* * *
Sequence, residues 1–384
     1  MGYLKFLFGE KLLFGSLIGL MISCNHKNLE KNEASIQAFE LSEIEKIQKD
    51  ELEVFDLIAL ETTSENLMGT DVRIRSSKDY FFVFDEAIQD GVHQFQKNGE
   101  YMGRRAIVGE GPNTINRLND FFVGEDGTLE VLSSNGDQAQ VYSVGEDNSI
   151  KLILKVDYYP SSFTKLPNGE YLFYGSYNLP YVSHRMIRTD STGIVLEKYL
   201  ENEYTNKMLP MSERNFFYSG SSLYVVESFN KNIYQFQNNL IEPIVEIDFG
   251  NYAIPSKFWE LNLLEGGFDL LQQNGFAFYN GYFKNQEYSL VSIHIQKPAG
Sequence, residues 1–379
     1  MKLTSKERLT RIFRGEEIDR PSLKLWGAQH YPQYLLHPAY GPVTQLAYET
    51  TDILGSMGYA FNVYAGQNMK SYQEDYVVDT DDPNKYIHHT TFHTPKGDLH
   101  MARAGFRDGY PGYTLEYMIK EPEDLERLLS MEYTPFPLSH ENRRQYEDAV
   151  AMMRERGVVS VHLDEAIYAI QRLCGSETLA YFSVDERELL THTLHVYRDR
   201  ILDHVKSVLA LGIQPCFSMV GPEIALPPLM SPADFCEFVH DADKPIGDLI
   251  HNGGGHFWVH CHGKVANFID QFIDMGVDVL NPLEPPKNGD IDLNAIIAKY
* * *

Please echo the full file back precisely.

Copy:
Sequence, residues 1–384
     1  MGYLKFLFGE KLLFGSLIGL MISCNHKNLE KNEASIQAFE LSEIEKIQKD
    51  ELEVFDLIAL ETTSENLMGT DVRIRSSKDY FFVFDEAIQD GVHQFQKNGE
   101  YMGRRAIVGE GPNTINRLND FFVGEDGTLE VLSSNGDQAQ VYSVGEDNSI
   151  KLILKVDYYP SSFTKLPNGE YLFYGSYNLP YVSHRMIRTD STGIVLEKYL
   201  ENEYTNKMLP MSERNFFYSG SSLYVVESFN KNIYQFQNNL IEPIVEIDFG
   251  NYAIPSKFWE LNLLEGGFDL LQQNGFAFYN GYFKNQEYSL VSIHIQKPAG
Sequence, residues 1–379
     1  MKLTSKERLT RIFRGEEIDR PSLKLWGAQH YPQYLLHPAY GPVTQLAYET
    51  TDILGSMGYA FNVYAGQNMK SYQEDYVVDT DDPNKYIHHT TFHTPKGDLH
   101  MARAGFRDGY PGYTLEYMIK EPEDLERLLS MEYTPFPLSH ENRRQYEDAV
   151  AMMRERGVVS VHLDEAIYAI QRLCGSETLA YFSVDERELL THTLHVYRDR
   201  ILDHVKSVLA LGIQPCFSMV GPEIALPPLM SPADFCEFVH DADKPIGDLI
   251  HNGGGHFWVH CHGKVANFID QFIDMGVDVL NPLEPPKNGD IDLNAIIAKY